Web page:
Monday, March 19, 2012
Melody Carlson's The Jerk Magnet ~ Reviewed
THE JERK MAGNET
By Melody Carlson
Published by Revell (Jan 1, 2012)
Paperback: 218 pages
Book Blurb: When Chelsea Martin's future stepmother helps her transform from gawky and geeky into the hottest girl at her new school, Chelsea is pretty sure it's the best thing that ever happened to her. But her hot new look has a downside. She's attracting lots of guys who all have one thing in common: they're jerks. And stealing the attention of all the guys in school doesn't endear her to the girls either.
Chelsea finally finds a true friend in Janelle Parker, and a non-jerk, Nicholas, catches her eye. Janelle keeps telling her to be herself, but Nicholas is the only guy around who doesn't give her a second look. Can Chelsea and Janelle come up with a plan to get his attention? Or will Chelsea's new image ruin everything?
Teen favorite and bestselling author Melody Carlson helps girls uncover the real source of beauty in this true-to-life story of young love, friendship, and being yourself.
I love Melody Carlson’s writing no matter who her audience is, in this case it’s for the youth. Chelsea Martin has just found out her dad has a girlfriend and it’s serious. Surprise to her.
Chelsea was still dealing with her mother being dead, ok, it had been 5 years but she wasn't ready to move on to having a step-mother. Chelsea doesn’t have much time to process the news before her dad hits her with another boom, they are moving. She’s loosing her dad and the only home she’s ever known in the same year.
Chelsea meets Kate, her dad’s girlfriend and sees how well put together she is, she’s nice too. Kate offers to help Chelsea with her clothes, hair and make-up. Her Dad's new bride to be has some bonding time with Chelsea as they talk about beauty. It reminded me of when Julie Andrews talked to Mia about how she dressed, wore her hair and have good table manners. They were grooming her to be the princess and she had to have a certain look in the Princess Diaries movies.
Kate says back, “I think the exterior is hurting the interior – I see you becoming as beautiful on the outside as you are on the inside. Just think of it, you’ll be going to a new school this fall, and who knows how great your last two years of high school might be.”
Before they start Chelsea says, “I don’t see the point in all this you can dress me differently but I’m still the same on the inside!”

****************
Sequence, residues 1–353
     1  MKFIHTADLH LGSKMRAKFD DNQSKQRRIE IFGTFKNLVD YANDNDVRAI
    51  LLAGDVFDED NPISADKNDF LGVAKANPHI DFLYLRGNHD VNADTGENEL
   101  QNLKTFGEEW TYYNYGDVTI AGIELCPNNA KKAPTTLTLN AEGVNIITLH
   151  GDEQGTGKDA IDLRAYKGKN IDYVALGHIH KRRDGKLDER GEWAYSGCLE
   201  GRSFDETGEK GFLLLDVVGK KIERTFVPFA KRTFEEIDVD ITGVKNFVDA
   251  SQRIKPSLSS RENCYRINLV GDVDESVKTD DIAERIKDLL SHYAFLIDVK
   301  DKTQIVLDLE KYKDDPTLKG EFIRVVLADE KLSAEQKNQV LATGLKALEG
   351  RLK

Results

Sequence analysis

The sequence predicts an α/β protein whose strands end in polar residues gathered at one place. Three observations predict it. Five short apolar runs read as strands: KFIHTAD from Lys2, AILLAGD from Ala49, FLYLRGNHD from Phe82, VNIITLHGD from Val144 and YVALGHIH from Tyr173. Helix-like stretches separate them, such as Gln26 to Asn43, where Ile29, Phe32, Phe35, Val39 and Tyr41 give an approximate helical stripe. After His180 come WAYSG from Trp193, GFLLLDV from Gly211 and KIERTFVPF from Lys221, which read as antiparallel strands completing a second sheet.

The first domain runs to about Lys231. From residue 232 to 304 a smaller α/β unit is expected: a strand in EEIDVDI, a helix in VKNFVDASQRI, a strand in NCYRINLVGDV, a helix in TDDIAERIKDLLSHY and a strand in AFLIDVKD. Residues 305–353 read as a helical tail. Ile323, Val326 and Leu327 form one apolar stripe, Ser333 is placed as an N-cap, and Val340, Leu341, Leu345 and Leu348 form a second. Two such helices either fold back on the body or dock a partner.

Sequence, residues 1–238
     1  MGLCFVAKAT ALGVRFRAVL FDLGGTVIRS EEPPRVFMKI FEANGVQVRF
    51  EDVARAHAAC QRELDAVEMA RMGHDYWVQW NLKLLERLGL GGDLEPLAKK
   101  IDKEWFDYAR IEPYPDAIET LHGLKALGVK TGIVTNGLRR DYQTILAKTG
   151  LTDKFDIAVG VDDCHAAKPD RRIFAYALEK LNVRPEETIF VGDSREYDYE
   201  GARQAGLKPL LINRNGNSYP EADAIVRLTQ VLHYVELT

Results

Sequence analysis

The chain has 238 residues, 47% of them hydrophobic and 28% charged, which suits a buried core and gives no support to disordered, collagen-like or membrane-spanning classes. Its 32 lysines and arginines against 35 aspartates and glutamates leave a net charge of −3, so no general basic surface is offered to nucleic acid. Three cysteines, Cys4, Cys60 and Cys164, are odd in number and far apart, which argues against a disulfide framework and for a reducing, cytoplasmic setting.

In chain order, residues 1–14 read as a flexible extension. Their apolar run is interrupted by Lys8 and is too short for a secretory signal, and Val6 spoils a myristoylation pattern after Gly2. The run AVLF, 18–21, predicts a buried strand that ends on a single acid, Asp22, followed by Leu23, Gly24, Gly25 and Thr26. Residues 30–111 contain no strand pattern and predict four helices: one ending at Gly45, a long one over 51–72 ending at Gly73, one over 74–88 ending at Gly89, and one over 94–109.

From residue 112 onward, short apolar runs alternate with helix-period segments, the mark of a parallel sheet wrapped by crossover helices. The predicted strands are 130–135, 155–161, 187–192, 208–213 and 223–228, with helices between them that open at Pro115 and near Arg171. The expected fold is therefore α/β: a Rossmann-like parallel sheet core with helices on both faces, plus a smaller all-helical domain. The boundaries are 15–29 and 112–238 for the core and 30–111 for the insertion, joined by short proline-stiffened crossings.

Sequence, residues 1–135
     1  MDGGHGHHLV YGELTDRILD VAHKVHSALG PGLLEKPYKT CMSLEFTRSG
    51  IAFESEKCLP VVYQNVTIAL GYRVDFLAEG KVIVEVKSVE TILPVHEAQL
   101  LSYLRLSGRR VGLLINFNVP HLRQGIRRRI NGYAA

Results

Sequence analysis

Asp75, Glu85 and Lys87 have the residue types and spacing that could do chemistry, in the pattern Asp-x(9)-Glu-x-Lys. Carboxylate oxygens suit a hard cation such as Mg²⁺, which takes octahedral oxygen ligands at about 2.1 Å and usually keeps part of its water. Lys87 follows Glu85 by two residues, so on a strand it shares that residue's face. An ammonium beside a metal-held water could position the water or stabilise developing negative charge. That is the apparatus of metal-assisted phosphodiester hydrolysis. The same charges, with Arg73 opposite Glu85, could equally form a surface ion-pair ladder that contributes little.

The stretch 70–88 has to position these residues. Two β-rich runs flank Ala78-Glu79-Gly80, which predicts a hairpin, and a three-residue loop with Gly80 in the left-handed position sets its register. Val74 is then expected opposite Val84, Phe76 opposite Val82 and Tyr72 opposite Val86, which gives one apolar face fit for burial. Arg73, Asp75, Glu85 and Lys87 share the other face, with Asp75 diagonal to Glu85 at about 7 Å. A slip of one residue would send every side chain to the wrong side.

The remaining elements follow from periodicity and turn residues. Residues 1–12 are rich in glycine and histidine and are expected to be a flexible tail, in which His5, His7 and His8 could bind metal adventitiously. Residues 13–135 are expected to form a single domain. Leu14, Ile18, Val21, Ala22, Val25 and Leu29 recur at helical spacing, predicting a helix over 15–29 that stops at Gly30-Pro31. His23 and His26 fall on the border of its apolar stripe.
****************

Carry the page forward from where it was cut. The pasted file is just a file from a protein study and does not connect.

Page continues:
Kate then talks to Chelsea about her interior dialogue, “You need to change your interior dialogue Chelsea.” What you think about yourself shows on the outside.
Chelsea resisted in her head the things Kate had told her to think, “I am an attractive, intelligent girl. I have a lot to offer other people. People want to get to know me.”
But when Kate gets Chelsea all dolled up to perfection - male heads turn and she gets attention she never had before. Is this what she wants? All this attention may not be a good thing.
Had Kate gone too far with Chelsea’s new look? She thinks so when a friend says to her, “Look at yourself. Just like Dalton said, you look like a hot babe, and to a jerk like him, a hot babe is like dangling raw meat in front of a hungry bear. Or in other words, a jerk magnet.” (The guy will say and do anything to be with you – not in a good way)
Chelsea was baffled. Her friend went on, “In the same way you attract guys who are jerks, you repel the guys who aren’t- at lease the ones who are trying not to be jerks,”
Chelsea and Janelle try an experiment at the youth group retreat and get surprising results. Chelsea then starts to think about whom she is dressed up to be and who she really is and/or wants to be. Great stuff!
I enjoy Melody Carlson books. I was so thankful for the review copy of such a fun and honest book about the pressures girls have in high school. That's what my daughter and I loved most about the Diary of a Teenage Girl series by Melody, we could read them separately and talk about the content. We can talk about the book and characters and not have to bring up specifics about our lives. Melody's books open up a dialogue between your daughter and yourself that is safe.
She also puts things in the book you're glad your child heard from someone else because maybe, just maybe they might listen to it. In the teen years it's hard to listen to your parents when you are trying to figure out this whole big world and where you fit in.
I liked how the author dealt with the subject of beauty. Chelsea was hot and the guys were all over her but is that what she really wanted to be known for? Is this the attention she wanted to be known for her body and looks alone? There are so many feelings and situations to deal with in High School, I like the way Melody shows how Chelsea navigates through her transition from one school to another.
I enjoyed this book very much. I highly recommend it for any age group, but especially the middle schooler/early high school age. It's a keeper!!
Reviewed by: Nora St.Laurent
The Book Club Network